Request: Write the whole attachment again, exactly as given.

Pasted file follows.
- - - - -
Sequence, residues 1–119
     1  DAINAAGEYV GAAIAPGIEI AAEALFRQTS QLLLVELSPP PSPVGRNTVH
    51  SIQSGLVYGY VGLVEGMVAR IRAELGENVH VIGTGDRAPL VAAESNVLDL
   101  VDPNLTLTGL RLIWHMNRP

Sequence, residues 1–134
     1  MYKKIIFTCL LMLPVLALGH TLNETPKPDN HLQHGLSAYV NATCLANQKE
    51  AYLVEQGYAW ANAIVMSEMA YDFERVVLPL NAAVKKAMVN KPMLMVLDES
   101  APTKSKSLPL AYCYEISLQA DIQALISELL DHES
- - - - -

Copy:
Sequence, residues 1–119
     1  DAINAAGEYV GAAIAPGIEI AAEALFRQTS QLLLVELSPP PSPVGRNTVH
    51  SIQSGLVYGY VGLVEGMVAR IRAELGENVH VIGTGDRAPL VAAESNVLDL
   101  VDPNLTLTGL RLIWHMNRP

Sequence, residues 1–134
     1  MYKKIIFTCL LMLPVLALGH TLNETPKPDN HLQHGLSAYV NATCLANQKE
    51  AYLVEQGYAW ANAIVMSEMA YDFERVVLPL NAAVKKAMVN KPMLMVLDES
   101  APTKSKSLPL AYCYEISLQA DIQALISELL DHES